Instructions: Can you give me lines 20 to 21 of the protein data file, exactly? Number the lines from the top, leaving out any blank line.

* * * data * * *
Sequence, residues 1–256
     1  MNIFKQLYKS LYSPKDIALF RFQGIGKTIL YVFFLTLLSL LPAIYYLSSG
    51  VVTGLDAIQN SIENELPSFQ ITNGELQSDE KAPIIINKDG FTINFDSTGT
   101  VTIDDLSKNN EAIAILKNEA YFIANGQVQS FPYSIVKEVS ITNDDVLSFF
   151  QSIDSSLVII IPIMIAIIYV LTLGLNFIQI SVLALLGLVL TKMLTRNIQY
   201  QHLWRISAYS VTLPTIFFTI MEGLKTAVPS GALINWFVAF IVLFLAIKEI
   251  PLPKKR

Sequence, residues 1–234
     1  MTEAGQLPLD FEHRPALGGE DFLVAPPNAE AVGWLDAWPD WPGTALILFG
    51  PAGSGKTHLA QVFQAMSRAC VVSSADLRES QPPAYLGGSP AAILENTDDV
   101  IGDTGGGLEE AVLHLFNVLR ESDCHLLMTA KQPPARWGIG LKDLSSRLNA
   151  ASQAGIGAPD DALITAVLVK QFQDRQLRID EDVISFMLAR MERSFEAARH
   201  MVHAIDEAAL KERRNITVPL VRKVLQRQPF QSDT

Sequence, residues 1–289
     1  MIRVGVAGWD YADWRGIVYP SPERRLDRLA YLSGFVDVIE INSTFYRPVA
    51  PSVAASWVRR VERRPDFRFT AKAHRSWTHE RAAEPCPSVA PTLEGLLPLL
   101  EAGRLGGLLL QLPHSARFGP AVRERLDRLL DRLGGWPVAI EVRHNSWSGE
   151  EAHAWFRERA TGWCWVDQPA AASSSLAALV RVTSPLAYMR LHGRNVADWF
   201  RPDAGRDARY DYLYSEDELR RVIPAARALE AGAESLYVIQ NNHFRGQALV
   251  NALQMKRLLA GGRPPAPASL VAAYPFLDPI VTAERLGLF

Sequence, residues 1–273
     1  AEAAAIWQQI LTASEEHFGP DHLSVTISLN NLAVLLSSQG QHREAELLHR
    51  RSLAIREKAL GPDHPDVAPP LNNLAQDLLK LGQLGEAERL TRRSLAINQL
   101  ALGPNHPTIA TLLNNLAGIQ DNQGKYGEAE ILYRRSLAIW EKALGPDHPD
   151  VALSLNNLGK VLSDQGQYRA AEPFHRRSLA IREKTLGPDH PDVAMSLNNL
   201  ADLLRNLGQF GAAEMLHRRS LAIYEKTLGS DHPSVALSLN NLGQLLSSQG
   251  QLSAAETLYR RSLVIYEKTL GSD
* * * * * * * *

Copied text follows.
   251  NALQMKRLLA GGRPPAPASL VAAYPFLDPI VTAERLGLF

Sequence, residues 1–273